With older versions of iOS, it was possible to make in-app purchases without using a password for 15 minutes after signing in to iTunes. That meant that kids who were using their parents’ iPads occasionally racked up exorbitant in-app purchase fees. For example, in late 2010, several parents were exceedingly angry when children purchased high quantities of smurfberries in the Smurfs’ Village.
Crazy in-app purchase charges eventually led to a lawsuit, which was settled today. The lawsuit criticized Apple for “bait apps,” defined as games that are downloadable for free but then charge for in-game currency like virtual goods or fake money. As a part of the settlement, Apple will be forking over reimbursement cash or credit to parents who were affected.
The lawsuit originated in 2011, and was featured on the Daily Show, along with a father whose kids ended up paying out hundreds of dollars to feed virtual fish in the game Tap Fish, which charges cash for Fish Bucks and Coins.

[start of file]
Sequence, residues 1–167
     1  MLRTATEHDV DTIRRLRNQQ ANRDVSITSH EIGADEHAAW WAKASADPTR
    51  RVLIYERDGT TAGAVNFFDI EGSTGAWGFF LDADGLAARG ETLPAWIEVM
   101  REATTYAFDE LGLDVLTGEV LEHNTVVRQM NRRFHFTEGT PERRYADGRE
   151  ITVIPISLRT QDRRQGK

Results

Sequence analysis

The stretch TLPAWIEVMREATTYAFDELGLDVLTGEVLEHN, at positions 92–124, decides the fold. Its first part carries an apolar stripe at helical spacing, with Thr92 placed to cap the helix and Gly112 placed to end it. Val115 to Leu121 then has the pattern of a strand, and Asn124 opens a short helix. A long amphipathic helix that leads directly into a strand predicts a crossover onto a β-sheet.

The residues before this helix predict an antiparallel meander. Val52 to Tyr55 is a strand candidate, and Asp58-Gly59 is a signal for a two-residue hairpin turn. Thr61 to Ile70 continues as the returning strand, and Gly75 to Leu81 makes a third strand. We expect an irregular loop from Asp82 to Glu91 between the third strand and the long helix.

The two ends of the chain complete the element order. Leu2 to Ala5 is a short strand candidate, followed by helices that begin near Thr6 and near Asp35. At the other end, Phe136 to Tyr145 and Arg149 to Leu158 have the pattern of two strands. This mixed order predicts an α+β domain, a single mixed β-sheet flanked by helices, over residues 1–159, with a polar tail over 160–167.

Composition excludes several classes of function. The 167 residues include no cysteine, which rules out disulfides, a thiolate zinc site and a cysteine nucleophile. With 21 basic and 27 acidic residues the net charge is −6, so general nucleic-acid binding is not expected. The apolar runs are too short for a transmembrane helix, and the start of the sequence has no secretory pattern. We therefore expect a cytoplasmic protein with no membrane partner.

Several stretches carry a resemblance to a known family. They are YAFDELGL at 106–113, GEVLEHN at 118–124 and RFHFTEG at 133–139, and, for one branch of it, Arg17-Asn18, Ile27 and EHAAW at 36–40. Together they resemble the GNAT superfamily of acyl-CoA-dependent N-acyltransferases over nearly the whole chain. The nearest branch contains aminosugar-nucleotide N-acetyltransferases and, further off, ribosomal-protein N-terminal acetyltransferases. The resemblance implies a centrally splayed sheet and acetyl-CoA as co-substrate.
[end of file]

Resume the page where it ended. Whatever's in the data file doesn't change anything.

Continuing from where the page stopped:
Parents who claim that a minor child bought in-game items without permission can receive an iTunes credit in the amount of $5. If the amount of currency purchased exceeds $5, parents can file for a claim of the amount purchased, but if that amount exceeds $30, Apple will offer cash refunds.
To receive the funds, iTunes users will need to confirm that a minor purchased in-game currency and that the user did not provide said minor with a password. According to GigaOm, the settlement does not state exactly how much Apple is required to pay in total, or how many users might have been affected.
Apple will be sending out an email notice to more than 23 million iTunes account holders who made game currency purchases in one or more of the qualifying apps.